Friday, November 07, 2008

Angry gays: Where were they when it counted?

I just cross-posted this at the Register's Orange Punch blog and thought it might be of interest here also:

We’ll have a piece in either Sunday’s or Monday’s opinion section (I read so many proofs today I’m a bit bleary-eyed), but it echoes some of my thoughts. We’ve seen all these angry demonstrations organized (and/or arising spontaneously) by gays in Los Angeles (and in San Francisco and Long Beach), including one centered on the Mormon Temple in West L.A. It’s not that it isn’t legitimate to criticize the Mormon church, whose members (not all of them, of course) reportedly kicked in about $20 million of the $30-million-plus the Yes on 8 side raised, some in huge quantities from out of state (yes, I recognize contributions for the No campaign came from out of state, and it’s not illegal or fundamentally illegitimate, just interesting). All this was well known before Tuesday. Where were these protesters before Tuesday? I’ll wager they weren’t out walking precincts or making phone calls or donating money or stuffing envelopes. This was a close race. If there had been this kind of enthusiasm — a little more controlled and a little less angry, to be sure — shown before the election I suspect Prop. 8 would not have passed. As it is these after-the-fact demonstrations look a bit like childish rants and I suspect are more likely to discredit the cause than to advance it.

I have a few more criticisms of the No on 8 campaign — from somebody who wanted that side to win. I think it was too timid, hardly ever (at least in the TV ads) uttering the words “gay marriage” or “same-sex marriage,” which to my mind conceded the moral high ground to the other side and made it seem as if the proponents of gay marriage were ashamed of it and maybe even figured others would find it shameful. I think the “teach gay marriage in school” issue could have been confronted more straightforwardly too, conceding that if Prop. 8 were defeated those schools that had marriage in the curriculum would probably have to mention the fact that gay marriage is legal in California, but this wouldn’t be “indoctrination” or “recruitment” or propaganda about how kids had to approve it and love it. Not doig so left the campaign open to charges of being dishonest.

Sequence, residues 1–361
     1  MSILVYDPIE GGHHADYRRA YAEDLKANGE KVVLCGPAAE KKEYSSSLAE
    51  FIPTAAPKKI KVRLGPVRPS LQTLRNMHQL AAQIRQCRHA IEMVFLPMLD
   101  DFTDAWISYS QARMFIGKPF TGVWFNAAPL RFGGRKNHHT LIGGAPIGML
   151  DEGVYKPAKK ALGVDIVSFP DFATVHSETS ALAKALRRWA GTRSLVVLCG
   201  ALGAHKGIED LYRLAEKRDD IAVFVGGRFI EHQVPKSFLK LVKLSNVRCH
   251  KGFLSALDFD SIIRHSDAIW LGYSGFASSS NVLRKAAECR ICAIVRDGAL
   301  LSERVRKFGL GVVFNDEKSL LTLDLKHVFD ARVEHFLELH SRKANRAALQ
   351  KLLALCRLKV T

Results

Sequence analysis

There was no way to get rid of the footage of Moron Mayor Gavin “whether you like it or not” Newsome of San Francisco, which I think was the single most effective thing the Yes on 8 people had going for them. But all those “taking away a right” commercials without mentioning what the right was confused people, I suspect. It might not have been a bad idea to have a few couples interviewed on just what marriage meant to them. I think the No campaign underestimated the tolerance of the people of California and that’s part of the reason it lost — besides the fact that a lot of gays who could have been involved sat on the sidelines until it was over.


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